When you hear about the 1940s and everything that was going on in Germany, there's this sense of "how could the world let that happen?" Well, here we are again. But this time it's (arguably) the most powerful economy in the world that's doing.

I honestly don't have anything useful to contribute here or any idea what to do about it. But making sure more people know about it is at least a good start. And banning tech like TikTok definitely wouldn't hurt.

The World of Privilege & Cancelling

πŸ’‹ Here's a great piece on a form of privilege that rarely gets discussed: beauty. One thing that stood out is just how powerful it can be in certain settings, even compared to race:

"This bias for beauty can cause real harm. In a meta analysis of the role of attractiveness in criminal sentencing, it was found that unattractive people received 120–305 percent longer sentences than attractive people. As a comparison, another study found that black people received 6–20 percent longer sentences than white people. Yes, in criminal sentencing, looks were over 10x more important than race."

The author proposes an insightful idea at the end to help combat this, using deep-fakes and video calls for trials:

"I wouldn’t be surprised if in the future we use deepfake technology to make criminal defendants’ looks homogeneously beautiful (or ugly)."

πŸ‘¨β€βš–οΈ Paul Graham also published an essay on Orthodox Privilege: "The more conventional-minded someone is, the more it seems to them that it's safe for everyone to express their opinions." And as he says:

"If you believe there's nothing true that you can't say, then anyone who gets in trouble for something they say must deserve it."

✍️ Speaking of orthodox privilege, Bari Weiss decided to leave the New York Times with an eloquent resignation letter condemning the lack of intellectual diversity that the Times now tolerates.

"I was always taught that journalists were charged with writing the first rough draft of history. Now, history itself is one more ephemeral thing molded to fit the needs of a predetermined narrative... I’ve always comforted myself with the notion that the best ideas win out. But ideas cannot win on their own. They need a voice. They need a hearing. Above all, they must be backed by people willing to live by them."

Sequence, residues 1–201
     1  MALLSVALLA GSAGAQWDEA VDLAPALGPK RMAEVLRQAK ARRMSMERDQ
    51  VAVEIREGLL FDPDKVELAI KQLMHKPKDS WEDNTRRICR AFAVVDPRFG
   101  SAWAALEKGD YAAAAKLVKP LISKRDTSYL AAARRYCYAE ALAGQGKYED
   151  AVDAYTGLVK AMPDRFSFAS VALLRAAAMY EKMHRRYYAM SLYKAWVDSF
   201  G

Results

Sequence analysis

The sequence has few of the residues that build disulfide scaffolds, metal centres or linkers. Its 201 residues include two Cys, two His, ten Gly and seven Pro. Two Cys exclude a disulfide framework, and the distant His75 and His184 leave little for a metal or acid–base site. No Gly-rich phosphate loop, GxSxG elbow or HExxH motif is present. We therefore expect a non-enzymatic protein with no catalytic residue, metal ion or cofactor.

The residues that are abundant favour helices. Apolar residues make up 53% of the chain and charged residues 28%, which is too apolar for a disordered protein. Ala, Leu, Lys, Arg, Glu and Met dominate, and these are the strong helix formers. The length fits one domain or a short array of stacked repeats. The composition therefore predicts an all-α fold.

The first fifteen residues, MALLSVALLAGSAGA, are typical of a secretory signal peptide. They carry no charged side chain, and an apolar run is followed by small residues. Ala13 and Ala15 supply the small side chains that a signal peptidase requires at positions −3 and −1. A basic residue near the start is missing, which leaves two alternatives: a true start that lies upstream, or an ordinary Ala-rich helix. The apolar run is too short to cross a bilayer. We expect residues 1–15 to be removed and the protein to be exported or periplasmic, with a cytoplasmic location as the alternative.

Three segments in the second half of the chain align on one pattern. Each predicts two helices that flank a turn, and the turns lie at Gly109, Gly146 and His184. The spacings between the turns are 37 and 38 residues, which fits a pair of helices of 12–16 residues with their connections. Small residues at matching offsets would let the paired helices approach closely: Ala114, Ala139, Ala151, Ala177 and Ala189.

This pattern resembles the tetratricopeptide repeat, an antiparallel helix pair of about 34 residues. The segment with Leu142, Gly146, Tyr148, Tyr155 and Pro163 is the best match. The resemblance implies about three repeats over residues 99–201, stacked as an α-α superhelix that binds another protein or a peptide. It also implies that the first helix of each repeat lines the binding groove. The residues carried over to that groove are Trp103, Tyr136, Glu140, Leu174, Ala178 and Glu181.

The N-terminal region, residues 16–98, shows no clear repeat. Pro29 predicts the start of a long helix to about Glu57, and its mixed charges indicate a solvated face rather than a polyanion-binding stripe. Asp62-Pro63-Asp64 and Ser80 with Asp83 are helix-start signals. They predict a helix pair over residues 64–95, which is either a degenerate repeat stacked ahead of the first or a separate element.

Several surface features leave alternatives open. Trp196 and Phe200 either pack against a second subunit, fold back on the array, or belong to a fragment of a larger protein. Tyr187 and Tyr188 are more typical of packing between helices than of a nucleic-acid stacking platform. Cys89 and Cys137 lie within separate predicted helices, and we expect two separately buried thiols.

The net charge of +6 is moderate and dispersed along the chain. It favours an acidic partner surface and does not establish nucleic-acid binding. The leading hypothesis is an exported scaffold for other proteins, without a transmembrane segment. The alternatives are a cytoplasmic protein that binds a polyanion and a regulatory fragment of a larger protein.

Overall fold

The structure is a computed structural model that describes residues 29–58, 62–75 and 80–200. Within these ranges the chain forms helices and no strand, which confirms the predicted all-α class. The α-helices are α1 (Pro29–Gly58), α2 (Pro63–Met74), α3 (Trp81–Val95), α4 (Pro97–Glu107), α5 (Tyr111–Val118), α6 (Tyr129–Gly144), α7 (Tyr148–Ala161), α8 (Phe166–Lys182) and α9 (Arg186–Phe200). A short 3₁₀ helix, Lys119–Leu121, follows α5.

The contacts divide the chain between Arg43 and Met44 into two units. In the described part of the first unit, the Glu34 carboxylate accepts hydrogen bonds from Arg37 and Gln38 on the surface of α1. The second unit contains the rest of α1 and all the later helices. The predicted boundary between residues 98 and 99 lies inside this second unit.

πŸ“ Which mirrors the sentiment shared in the Harpers "Letter on Justice and Open Debate" signed by many of the most popular writers and academics online.

"The way to defeat bad ideas is by exposure, argument, and persuasion, not by trying to silence or wish them away."

The World of AI

πŸ€– GPT-3, the third version of the artificial intelligence AI out of the OpenAI team was released last week, and it's pretty mindblowing what you can do with it.

Here it is turning normal phrases into lawyer-speak:

πŸ’» It can take normal language and turn it into HTML & CSS code for you.

πŸ˜‚ It can write puns.

πŸ‘¨β€πŸŽ¨ And poetry.

πŸ€” And philosophy.

πŸ” It can create a search engine as good as Google.

πŸ‘©β€πŸ’Ό And it can help you run board meetings.

Examples abound of some of the ridiculously impressive things you can do with it, and this might be the most interesting breakthrough in consumer AI technology yet. I'll be really curious to see what people start doing with it over the next few months as access to it increases.

The World of Just For Fun

πŸ›© We can't time travel yet, at least till GPT3 figures it out, but in the meantime you can create the experience of time traveling by creating more distinct memories, such as through traveling. This also reminds me of an idea in Moonwalking With Einstein that if you break up a party into 3-4 distinct portions, guests will remember it as much longer than if you just have one big mingling session.

🐢 And maybe it's possible to teach your dog to talk to you. Cosette and I will be testing this with Pepper and Tahoe and report back.

End Note

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And should you come across anything interesting this week, send it my way! I love finding new things to read through members of this newsletter.

Have a great week,

Nat